There is a fine balance between having enough and having too much of things in one image. This balance I have sought over the last ten years, playing with overlays, seeking the right balance between image and colour. The unfinished sensibility harks back to my childhood seeing billboards which sold promises with their models and imagined lifestyles, selling an ideal, a dream. The billboards of my childhood had been abandoned, left to the elements in the mid to late 1970s. Looking back these act as a symbolic gesture to economic decline during the 70s in the UK – something I have never forgotten (three day week, power-cuts, inflation, Winter of Discontent in 1979). Then the 1980s and the rise of Thatcherism with her stance towards the unions and trade, leading towards an economic recovery (built on debt) or what would become known as Laissez-faire economics.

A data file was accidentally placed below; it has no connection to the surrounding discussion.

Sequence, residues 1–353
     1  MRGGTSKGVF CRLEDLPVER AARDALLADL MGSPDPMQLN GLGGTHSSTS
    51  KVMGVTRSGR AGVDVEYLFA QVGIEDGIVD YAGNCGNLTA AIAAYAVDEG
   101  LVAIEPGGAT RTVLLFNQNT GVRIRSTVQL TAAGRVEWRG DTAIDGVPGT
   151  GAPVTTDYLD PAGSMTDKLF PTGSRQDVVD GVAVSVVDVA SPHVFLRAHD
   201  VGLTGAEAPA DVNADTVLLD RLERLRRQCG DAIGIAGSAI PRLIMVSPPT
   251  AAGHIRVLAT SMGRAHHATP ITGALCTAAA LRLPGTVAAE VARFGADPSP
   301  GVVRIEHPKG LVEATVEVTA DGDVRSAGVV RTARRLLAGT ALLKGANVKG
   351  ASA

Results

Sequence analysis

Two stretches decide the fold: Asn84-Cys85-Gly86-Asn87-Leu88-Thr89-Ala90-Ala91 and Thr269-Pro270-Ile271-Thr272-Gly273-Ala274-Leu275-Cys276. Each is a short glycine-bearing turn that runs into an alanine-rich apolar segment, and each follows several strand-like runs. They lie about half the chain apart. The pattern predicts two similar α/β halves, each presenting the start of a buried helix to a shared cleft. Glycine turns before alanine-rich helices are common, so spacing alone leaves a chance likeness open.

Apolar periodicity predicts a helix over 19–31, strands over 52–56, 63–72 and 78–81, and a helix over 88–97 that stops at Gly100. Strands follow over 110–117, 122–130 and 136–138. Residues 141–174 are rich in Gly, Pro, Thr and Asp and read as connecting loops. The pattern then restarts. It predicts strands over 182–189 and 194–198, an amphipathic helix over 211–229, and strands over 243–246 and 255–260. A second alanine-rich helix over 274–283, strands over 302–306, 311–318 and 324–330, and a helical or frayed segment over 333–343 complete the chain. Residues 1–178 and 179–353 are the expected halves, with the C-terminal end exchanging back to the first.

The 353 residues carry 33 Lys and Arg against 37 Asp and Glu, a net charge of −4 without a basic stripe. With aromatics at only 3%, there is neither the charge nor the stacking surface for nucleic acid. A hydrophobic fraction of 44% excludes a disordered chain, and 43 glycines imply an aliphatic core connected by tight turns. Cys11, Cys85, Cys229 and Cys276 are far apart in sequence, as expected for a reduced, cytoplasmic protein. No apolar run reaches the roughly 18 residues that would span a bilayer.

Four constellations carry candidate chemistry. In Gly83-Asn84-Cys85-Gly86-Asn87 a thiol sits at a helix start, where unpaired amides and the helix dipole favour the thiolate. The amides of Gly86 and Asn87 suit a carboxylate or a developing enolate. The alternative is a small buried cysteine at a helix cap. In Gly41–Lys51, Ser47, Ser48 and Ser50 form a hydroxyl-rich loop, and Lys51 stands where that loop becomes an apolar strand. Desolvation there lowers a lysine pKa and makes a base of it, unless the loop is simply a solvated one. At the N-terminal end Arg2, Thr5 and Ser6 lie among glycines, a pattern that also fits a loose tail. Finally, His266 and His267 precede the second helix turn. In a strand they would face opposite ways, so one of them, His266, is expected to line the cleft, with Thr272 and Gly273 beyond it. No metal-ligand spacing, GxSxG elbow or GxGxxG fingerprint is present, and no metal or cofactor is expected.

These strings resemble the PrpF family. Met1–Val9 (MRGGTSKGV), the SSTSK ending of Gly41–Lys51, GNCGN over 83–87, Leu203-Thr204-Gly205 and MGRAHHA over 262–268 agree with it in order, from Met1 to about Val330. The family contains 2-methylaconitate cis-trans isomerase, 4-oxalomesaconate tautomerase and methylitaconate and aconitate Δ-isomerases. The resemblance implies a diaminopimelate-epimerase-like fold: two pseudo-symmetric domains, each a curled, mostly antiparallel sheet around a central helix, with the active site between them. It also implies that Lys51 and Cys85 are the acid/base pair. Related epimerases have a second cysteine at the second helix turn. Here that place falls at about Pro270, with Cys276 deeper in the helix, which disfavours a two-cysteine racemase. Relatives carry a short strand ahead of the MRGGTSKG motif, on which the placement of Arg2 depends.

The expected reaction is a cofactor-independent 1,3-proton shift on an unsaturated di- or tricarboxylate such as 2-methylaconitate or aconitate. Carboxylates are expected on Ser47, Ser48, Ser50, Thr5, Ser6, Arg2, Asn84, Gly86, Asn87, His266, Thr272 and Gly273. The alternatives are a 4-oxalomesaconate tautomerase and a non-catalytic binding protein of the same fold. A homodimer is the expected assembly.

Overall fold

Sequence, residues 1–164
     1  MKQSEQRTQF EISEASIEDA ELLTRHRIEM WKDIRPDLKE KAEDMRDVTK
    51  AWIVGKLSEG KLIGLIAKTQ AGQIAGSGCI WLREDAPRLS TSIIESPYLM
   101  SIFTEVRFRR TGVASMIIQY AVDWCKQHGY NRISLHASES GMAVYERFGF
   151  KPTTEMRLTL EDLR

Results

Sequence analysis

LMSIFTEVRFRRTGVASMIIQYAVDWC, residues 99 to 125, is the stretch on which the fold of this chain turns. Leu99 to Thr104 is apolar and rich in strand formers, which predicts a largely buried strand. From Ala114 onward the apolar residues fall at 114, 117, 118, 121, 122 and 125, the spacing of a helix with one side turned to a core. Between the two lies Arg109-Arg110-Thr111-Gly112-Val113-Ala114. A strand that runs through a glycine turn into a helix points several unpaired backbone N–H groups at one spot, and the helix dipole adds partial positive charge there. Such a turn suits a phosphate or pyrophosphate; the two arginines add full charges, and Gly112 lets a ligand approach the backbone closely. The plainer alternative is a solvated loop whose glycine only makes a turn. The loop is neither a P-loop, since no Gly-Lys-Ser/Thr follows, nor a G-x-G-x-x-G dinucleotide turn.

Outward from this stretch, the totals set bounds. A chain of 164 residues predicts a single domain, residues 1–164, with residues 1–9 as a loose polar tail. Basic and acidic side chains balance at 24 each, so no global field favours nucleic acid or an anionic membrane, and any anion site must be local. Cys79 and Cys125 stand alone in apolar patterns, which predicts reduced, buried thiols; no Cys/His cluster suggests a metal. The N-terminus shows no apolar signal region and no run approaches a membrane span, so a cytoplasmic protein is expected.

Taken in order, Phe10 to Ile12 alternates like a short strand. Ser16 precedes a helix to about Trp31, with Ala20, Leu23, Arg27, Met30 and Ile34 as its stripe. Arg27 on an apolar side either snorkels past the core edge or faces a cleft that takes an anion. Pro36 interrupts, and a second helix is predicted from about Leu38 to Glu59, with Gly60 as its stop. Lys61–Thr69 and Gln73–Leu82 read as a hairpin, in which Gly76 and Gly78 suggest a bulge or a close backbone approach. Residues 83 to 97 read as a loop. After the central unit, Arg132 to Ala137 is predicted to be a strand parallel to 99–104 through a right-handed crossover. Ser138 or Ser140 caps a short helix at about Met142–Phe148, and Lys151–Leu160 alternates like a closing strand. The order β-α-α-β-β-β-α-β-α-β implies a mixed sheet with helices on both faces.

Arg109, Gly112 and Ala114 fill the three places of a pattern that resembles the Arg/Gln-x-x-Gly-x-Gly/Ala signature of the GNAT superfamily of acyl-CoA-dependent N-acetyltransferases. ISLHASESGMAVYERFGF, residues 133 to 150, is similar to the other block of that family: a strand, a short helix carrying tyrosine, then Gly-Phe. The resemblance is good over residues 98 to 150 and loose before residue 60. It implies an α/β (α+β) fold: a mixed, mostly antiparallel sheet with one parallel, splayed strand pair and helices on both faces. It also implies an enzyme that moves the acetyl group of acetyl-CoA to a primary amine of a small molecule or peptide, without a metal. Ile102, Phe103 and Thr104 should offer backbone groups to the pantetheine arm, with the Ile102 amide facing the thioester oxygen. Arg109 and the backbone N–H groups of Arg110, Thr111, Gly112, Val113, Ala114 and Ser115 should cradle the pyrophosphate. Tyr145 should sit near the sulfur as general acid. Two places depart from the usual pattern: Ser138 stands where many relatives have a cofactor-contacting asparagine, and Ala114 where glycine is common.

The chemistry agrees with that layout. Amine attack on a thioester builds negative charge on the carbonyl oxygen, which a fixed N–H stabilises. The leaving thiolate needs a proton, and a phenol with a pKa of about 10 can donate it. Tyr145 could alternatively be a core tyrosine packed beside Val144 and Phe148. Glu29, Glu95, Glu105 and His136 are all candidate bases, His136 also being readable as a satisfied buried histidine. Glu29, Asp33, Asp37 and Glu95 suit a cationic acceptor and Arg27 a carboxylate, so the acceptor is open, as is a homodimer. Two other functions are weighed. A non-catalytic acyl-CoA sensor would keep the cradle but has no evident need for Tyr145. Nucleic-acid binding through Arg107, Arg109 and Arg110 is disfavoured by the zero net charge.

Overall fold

My particular favourite billboard was one by the old cinema in Yeovil Town, by the telephones. I remember the first time I saw it whilst waiting to see Star Wars in 1978 – noting its entropy, (although at the time I did not know of this word), but that symbolic image in reality and an altogether other reality which came with SW – a new hope was stirring. The previous poster images appearing through the gaps, the torn areas created by wind and rain, revealed a past that had still the potential to affect the future, one which would lead me to a quest to research how a past affects a present and the present affecting the past at the point of remembering, in one feedback loop of time.